much trouble as it sounds, as was learned with the similar
experience with the Ravenscar guide.  The 95 RM was already
restructured from 83 to use "sections" instead of "chapters",
so essentially the entire draft RM as it now stands could be
slotted directly into Chapter 3, with the addition of some
ISO boilerplate at the beginning.

This would seem to be a small price to pay in order to be able
to retire the Ada95 RM and legitimately call the new language
something other than Ada 95.

>                                        ISO can still request
> a consolidated document, but that should be produced by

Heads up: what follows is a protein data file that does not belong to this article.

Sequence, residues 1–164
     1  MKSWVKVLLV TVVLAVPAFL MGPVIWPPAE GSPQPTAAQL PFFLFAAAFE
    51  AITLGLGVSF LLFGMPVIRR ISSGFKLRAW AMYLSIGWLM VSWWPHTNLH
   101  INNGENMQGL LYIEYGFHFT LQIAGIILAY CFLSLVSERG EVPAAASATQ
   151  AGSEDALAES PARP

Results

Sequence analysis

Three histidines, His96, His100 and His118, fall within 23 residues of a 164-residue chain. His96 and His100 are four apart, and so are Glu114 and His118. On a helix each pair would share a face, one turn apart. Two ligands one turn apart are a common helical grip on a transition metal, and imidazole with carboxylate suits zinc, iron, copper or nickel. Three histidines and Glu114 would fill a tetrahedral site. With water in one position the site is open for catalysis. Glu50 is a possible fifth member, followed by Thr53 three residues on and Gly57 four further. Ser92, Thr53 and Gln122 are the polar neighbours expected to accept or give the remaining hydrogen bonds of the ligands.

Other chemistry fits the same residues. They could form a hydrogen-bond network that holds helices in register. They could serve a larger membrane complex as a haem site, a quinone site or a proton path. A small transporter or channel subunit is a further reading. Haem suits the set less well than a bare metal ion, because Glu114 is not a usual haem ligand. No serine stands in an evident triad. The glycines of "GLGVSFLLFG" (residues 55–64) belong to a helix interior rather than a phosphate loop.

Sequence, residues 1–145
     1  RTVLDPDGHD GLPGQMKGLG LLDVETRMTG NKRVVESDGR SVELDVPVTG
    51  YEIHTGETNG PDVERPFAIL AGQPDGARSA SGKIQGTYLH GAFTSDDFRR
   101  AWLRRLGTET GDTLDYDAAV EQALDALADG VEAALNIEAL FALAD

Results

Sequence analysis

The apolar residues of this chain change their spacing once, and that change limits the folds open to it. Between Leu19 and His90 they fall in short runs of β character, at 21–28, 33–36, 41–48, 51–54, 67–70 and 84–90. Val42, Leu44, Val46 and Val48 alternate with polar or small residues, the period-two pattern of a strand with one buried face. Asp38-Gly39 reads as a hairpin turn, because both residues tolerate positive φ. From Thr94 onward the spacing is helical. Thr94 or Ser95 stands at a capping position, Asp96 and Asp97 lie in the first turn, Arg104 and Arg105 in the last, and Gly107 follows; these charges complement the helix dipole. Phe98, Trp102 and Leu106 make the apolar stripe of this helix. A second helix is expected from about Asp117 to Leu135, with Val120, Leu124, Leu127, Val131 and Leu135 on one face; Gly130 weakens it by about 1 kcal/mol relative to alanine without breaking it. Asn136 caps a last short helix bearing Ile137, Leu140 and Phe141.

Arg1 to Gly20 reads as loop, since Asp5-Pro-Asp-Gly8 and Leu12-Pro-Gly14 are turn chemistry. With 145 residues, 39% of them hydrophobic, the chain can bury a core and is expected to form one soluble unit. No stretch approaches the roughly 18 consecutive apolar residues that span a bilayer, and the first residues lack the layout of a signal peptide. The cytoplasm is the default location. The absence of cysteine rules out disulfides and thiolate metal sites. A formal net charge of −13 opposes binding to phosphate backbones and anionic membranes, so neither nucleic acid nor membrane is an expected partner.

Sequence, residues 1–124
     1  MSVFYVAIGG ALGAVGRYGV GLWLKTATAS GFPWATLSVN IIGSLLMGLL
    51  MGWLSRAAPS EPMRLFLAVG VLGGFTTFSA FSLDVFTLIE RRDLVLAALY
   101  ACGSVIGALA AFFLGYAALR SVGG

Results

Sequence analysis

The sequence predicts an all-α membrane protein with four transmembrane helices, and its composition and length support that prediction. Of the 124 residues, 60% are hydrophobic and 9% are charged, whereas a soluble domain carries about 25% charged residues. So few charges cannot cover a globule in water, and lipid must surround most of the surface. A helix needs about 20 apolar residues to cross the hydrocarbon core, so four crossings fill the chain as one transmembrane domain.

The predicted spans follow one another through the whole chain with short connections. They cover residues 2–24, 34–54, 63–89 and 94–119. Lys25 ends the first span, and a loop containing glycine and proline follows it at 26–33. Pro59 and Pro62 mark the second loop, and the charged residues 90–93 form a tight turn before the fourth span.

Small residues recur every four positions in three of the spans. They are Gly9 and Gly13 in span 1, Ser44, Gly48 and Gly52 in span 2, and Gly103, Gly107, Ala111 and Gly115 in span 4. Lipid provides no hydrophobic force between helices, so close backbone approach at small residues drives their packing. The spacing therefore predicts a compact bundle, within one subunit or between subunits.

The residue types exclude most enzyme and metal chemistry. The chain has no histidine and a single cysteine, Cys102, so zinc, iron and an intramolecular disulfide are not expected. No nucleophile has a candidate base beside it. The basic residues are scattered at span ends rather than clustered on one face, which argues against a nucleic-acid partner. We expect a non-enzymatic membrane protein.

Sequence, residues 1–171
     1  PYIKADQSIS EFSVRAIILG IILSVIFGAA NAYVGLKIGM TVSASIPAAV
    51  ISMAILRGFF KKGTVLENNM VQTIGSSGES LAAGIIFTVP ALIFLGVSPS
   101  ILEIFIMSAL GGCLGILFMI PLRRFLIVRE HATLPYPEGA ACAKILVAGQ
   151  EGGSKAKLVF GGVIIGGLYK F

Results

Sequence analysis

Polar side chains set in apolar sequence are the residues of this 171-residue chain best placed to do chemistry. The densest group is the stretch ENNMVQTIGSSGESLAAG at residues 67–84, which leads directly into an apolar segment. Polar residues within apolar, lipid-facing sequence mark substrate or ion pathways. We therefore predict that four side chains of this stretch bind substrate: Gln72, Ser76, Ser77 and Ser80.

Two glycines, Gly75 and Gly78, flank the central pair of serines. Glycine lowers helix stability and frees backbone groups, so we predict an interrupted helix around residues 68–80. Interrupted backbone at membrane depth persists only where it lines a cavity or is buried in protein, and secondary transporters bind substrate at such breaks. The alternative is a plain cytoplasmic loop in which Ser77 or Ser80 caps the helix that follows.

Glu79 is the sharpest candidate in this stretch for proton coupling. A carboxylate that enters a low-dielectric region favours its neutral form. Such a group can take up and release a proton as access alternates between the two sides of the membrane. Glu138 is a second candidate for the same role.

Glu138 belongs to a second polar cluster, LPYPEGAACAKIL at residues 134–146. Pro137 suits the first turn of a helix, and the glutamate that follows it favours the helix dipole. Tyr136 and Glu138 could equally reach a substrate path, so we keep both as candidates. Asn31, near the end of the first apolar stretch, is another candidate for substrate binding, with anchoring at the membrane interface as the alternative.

> a nearly automated process that merges the prior standard
> and the amendment, and would not be expected by ISO to have the new
> ISO structuring.

Yes, and the ARG or WG9 or SC 22 or JTC 1 or any of the national
bodies can recommend that ISO do this.  Absent a recommendation
from the interested parties, ISO assumes that a SC that chooses
to go the amendment route does so precisely to avoid retiring
the previous RM.  So ISO is extremely unlikely to retire the 95 RM
without a recommendation to do so.

> ISO doesn't call it Ada 95, but they did put the year 1995 on
> their publication.

They put the year 1995 in the name of the standard: ISO/IEC-8652:1995,
not just somewhere on their publication.  A purchasing agent wishing
to procure the latest ISO Ada compiler who looks up the official name
from ISO's web site will find ISO/IEC-8652:1995, and when you see such
a RFQ, you won't know which language to bid.

> Not at all.  Fortran and C have charted this territory